BCD Options & Styles
Traditional BCD Style
The traditional style jacket offers a snug fit which hugs the diver at the sides as well, providing inflation at the rear and sides ensuring the diver remains in a heads up position comfortable at the surface.
Wing Style BCD
The wing style puts the inflation cell on the divers back and many divers feel this is exactly where they want their buoyancy to be underwater. Wings offer a more streamlined appearance and are less cluttered at the sides and front. This style of BCD can also be modular in that it can grow with the diver and can later be adapted with a bigger buoyancy cell if required. There is a belief that a wing can have a tendency to tip a diver forward at the surface but this is less true with the new wings as they have compensating weight pockets on the rear which negate this effect.
Some BCDs both jacket style and wings come with the weight system integrated into the pocket areas. This can be beneficial as the jacket has been designed for the weight to be carried in this way as opposed to wearing a normal weight belt. It should be considered that this does make the jacket heavier on exits if the pouches are not removed first and if they are not secured properly pre dive then they can become dislodged. In the event of an emergency the pouches can be dumped easily and quickly.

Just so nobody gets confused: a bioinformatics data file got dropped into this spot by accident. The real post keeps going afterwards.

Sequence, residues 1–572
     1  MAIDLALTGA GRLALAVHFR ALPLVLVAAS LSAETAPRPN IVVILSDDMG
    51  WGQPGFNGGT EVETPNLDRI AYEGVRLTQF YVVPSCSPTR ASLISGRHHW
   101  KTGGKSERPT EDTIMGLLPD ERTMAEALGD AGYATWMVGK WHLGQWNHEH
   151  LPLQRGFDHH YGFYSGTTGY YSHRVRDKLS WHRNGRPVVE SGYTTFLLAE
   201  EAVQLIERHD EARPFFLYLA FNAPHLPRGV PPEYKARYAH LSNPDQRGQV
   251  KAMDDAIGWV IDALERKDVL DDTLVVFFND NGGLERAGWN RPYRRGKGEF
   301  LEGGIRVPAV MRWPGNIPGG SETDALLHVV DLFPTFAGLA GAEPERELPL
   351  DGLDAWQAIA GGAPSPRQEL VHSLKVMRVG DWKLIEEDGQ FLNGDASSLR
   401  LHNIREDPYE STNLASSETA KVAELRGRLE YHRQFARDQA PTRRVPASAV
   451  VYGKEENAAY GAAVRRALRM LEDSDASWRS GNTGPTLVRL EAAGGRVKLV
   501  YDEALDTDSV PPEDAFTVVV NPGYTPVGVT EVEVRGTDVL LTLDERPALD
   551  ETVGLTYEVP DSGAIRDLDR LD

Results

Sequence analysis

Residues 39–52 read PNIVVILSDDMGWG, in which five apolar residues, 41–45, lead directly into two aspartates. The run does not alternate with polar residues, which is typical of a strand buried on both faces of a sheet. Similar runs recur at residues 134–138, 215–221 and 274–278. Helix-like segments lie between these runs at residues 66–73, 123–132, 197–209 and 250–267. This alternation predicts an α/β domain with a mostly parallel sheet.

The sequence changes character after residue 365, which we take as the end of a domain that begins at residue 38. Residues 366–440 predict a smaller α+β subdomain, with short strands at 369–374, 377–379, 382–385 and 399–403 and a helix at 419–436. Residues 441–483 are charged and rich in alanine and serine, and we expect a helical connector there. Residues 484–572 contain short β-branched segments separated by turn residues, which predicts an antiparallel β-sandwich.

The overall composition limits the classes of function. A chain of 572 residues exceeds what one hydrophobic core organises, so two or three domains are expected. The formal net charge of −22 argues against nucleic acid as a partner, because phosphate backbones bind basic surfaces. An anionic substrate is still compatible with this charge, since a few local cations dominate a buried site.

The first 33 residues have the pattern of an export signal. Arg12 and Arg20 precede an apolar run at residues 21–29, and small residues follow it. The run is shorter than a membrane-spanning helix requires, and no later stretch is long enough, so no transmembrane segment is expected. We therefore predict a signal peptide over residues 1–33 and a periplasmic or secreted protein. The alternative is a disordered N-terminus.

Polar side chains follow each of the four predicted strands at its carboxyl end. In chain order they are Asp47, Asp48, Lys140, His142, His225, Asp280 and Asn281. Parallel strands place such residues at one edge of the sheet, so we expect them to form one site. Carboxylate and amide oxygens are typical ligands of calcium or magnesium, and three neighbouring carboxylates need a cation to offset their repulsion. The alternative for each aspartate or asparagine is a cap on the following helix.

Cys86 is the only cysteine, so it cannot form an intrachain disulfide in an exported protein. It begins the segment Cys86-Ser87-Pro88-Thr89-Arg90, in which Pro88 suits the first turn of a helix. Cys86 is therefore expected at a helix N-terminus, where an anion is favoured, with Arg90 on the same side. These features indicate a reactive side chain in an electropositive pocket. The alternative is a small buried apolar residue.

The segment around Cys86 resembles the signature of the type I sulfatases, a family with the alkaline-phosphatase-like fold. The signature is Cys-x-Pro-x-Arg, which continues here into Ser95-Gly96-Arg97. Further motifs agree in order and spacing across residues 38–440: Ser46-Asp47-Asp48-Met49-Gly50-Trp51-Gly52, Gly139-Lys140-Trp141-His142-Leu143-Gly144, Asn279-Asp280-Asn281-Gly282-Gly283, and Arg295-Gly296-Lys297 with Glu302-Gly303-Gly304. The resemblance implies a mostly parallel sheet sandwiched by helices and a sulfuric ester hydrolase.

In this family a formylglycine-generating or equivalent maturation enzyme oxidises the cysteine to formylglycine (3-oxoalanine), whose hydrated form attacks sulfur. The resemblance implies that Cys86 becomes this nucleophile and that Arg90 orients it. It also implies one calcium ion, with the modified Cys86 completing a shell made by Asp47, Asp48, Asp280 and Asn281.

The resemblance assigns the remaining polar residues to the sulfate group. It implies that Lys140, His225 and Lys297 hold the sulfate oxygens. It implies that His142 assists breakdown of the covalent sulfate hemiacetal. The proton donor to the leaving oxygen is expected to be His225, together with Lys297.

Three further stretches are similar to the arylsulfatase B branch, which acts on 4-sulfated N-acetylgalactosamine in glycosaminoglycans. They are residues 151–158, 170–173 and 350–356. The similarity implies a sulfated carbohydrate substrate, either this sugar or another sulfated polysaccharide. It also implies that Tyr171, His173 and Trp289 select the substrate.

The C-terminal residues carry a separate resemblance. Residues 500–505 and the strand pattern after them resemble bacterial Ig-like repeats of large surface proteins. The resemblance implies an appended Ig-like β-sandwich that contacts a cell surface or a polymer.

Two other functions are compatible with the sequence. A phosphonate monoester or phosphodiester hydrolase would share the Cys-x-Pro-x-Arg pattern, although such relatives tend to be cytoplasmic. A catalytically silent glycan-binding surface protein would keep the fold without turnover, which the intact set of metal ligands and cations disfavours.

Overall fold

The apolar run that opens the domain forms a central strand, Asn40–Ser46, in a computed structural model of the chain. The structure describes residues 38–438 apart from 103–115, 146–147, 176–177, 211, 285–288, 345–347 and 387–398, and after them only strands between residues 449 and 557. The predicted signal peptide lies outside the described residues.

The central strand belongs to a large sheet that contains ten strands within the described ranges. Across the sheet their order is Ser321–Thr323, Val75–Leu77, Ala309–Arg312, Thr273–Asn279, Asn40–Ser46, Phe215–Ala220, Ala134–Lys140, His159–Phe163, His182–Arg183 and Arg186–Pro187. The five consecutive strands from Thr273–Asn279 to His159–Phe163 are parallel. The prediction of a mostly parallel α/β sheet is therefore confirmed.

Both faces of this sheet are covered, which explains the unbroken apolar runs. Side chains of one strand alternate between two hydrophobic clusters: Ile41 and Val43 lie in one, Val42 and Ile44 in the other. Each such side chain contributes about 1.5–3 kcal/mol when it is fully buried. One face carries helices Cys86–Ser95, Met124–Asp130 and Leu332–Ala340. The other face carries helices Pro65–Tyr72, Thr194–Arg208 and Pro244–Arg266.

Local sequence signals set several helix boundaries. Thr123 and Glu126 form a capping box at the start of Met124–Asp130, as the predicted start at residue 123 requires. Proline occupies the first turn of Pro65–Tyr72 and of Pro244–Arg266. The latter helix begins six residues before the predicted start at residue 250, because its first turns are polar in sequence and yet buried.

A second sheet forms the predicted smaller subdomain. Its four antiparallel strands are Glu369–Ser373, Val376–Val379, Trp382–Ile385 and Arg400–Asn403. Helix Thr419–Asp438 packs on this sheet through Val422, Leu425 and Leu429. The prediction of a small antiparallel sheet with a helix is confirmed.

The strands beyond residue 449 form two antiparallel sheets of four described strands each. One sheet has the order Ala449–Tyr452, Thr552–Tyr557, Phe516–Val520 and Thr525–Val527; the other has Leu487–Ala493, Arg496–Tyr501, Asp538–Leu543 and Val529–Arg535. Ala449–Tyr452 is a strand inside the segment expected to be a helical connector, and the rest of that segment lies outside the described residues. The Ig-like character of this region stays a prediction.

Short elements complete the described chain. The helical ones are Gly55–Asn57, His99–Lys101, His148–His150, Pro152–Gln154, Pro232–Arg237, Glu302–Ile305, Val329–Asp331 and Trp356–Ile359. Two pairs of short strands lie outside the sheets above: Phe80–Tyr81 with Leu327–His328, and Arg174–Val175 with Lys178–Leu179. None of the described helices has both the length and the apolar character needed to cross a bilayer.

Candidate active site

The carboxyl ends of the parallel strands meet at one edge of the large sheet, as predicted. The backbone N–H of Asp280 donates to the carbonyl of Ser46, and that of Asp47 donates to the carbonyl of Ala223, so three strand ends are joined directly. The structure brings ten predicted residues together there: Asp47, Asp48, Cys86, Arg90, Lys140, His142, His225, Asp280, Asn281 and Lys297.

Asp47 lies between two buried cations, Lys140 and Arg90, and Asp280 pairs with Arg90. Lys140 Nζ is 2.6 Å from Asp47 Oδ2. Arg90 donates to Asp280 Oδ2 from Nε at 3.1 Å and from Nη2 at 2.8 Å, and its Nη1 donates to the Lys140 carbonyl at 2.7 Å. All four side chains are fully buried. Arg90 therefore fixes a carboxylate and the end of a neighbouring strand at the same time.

Power Inflate V Standard Inflate
Some designs have a power inflate option operated by a lever on the side of the jacket. Jackets from Mares and Aqualung offer this option with the I3 and Airtrim range. This will likely be a different type or option than that which you learned to dive with. Many divers find the power inflate system easier to operate and easier to adjust. The standard inflate options are the type where the inflator hose comes over your left shoulder and the inflate button is at the end of this hose, this is a proven design that works. In the end it comes down to personal choice of the diver.
Modern BCD's offer the diver plenty of lift if they are being used for the type of diving they were designed for. If you start adding extra cylinders for deeper diving or twin cylinders then you may adversely effect the amount of lift you have. It is vitally important and prudent to carry out a buoyancy check at the start of your dive to ensure you are weighted correctly for the environment and conditions in which you will dive.